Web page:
Why am I planting tomatoes now, at the end of the summer? Because last week, someone stole all my ripe tomatoes. Unfortunately, they also did a fair amount of damage to the plants, so I’m not expecting to get too much more fruit this season.
Because I’m a generous and forgiving person, I only spent a few hours scheming about ways to booby-trap the garden before deciding to take the moral high road. (Also I’m too lazy to install motion sensors, hidden cameras, and high-powered sprayers.)
Instead, I just planted some more tomatoes. I know: in most areas, planting tomatoes in August is crazy talk — fall frosts would kill them before the fruit was ready to harvest. But we don’t really get frost around here, and early autumn tends to be the hottest time of year.
And anyway, I refuse to just give up and accept the end of my personal tomato season.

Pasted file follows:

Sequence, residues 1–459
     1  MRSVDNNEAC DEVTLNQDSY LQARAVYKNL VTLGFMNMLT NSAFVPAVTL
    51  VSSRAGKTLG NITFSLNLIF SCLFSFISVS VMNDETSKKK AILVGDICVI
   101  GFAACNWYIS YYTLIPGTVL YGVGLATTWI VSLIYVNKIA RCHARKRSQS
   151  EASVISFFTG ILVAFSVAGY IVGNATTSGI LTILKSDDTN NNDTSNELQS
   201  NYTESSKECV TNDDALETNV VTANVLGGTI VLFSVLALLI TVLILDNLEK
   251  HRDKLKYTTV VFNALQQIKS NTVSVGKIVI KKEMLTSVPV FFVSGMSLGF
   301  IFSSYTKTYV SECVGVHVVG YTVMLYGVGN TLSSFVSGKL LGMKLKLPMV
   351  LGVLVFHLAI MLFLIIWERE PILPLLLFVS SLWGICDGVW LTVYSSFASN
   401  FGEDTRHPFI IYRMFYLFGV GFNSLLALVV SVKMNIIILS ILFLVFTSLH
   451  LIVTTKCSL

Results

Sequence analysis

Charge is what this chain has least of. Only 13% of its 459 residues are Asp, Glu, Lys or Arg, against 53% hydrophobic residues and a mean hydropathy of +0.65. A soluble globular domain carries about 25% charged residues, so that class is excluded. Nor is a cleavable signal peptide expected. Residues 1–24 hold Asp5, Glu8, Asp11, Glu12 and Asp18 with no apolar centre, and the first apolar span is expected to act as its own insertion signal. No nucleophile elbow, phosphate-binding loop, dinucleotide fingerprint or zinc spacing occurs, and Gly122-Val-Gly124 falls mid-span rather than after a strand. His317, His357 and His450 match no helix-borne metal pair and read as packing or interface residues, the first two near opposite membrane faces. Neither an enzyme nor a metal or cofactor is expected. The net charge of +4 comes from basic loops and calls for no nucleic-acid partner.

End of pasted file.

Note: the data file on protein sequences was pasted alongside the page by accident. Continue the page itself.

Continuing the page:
I usually prune my tomatoes to a single main stem, and train them up strings or ropes instead of trellises. Pruning out the side growth focuses the plant’s energy on the fruit, while eliminating the kind of crowding that leads to mildew.
It also gives the plants a smaller footprint — all their growth is vertical, instead of sprawling all over the place — so even though you may get fewer tomatoes per plant, you’ll get more tomatoes per square foot of garden space. This also means you can fit a lot more varieties of tomatoes into a small garden.
And it’s kind of bad-ass to have a bunch of ten foot tall tomato plants.
You can hang the ropes from any sturdy structure. Here’s a post on my original string trellis for tomatoes, built from EMT conduit.